‘I just felt like myself again’: After nearly 20 months away, Oliver Kylington is back with the Calgary Flames

Photo credit:© Sergei Belski-USA TODAY Sports
Ryan Pike
6 months ago
On Monday, blueliner Oliver Kylington hit the ice with the Calgary Flames for the first time since late May 2022 – a gap of over 600 days. Based on video clips and accounts from colleagues at the rink, it didn’t look like nearly that much time had passed, as Kylington returned from an extended mental health hiatus looking pretty much as onlookers remembered him: fast, poised and talented.
Kylington returned from a conditioning stint with the American Hockey League’s Calgary Wranglers, where he played twice, and was permitted by the league to start practising with the Flames on Monday in the latest step of his return-to-play plan.

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“I knew that this day was about to come, so I was looking forward to it and just tried to really approach it like any other day,” said Kylington. “But it was kind of hard. Yesterday I had a moment for myself and, there was one point at time I didn’t think I was going to be here, it was kind of emotional but in a good way. I was excited to come here today and see everyone and, like I said, just share the ice with everyone and play hockey again.”
Originally a highly-touted draft prospect, the Flames traded up at the 2015 NHL Draft from the third round into the late second round to snag him at 60th overall. Kylington signed his entry-level deal immediately and bet on himself, moving to the American Hockey League’s Stockton Heat as an 18-year-old to learn the North American game.
Flames head coach Ryan Huska was the head coach in Stockton when Kylington arrived. He characterized Kylington’s game initially as “all run and gun” and commended Kylington for how he developed his game.
“He became a checker, if you want to call it that, here at the NHL level because of his foot speed. So we used him with Chris [Tanev] when he was playing again if you remember, and he did a good job against top lines because he’s got the skating ability that allows him to close really quickly. So he takes away time and space and he’s a hard player to play against because of how quick he is.”
After spending time on the Flames’ roster throughout parts of three seasons (2018-19 through 2020-21) but not quite carving out a defined role for himself, Kylington blossomed in 2021-22 alongside Tanev and formed a really useful, dynamic shutdown pairing. Their ability to get the puck back from opposition lines contributed offensively, too, with Kylington registering 31 points in 73 games that season.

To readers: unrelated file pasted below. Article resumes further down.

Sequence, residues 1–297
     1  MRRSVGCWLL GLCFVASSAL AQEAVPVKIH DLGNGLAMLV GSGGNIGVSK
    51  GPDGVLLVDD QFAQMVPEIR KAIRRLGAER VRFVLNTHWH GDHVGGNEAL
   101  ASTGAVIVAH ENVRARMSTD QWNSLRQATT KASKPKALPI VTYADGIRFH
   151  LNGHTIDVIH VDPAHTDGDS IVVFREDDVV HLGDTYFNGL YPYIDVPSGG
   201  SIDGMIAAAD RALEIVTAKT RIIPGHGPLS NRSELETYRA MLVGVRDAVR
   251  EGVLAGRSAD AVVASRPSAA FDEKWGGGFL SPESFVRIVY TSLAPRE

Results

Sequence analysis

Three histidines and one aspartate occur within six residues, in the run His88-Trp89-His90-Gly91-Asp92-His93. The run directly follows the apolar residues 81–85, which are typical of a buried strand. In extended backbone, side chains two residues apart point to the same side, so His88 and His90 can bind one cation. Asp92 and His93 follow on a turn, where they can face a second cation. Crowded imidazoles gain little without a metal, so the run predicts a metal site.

However, Kylington stayed in Sweden for the entire 2022-23 season as he dealt with mental health challenges. Things progressed for him well enough for him to feel comfortable coming to Calgary in preparation for training camp, but right as camp opened he felt like he wasn’t quite ready to participate yet.
“He felt, as he was coming back this year, that ‘hey, I feel like I’m at that place,'” said Huska. “But when he got back here, he realized that he wasn’t. So then it was a plan that was set up again by our medical team, and they did a wonderful job of working with him and giving him what he needed at certain times.”
For the time-being, Kylington remains on the club’s long-term injury reserve list and doesn’t count against their active roster, but his status will be revisited by the club and the league going forward.
Huska noted that no timeline exists for Kylington returning to game action, and there will be dialogue with the player regarding his progression.
“That communication back and forth,” said Huska. “But we have to feel like he’s ready to help our team as well, so that’s something. He works towards becoming a coach’s decision and that’s what he’s doing with this next step by getting back into practice with us.”
Kylington’s had a long journey back to the NHL. He’s not quite set for a return to game action yet, but Monday represented a big milestone and a testament to the work he’s done away from the rink to get to where he wants to be health-wise.
“I felt like today felt kind of normal,” said Kylington. “Like, it just felt like I’ve been here so many times. I was just happy and I got a lot of energy out of it. I just felt like myself again. So it was just fun to, like I said, share the ice and be out there and compete. It was fun.”

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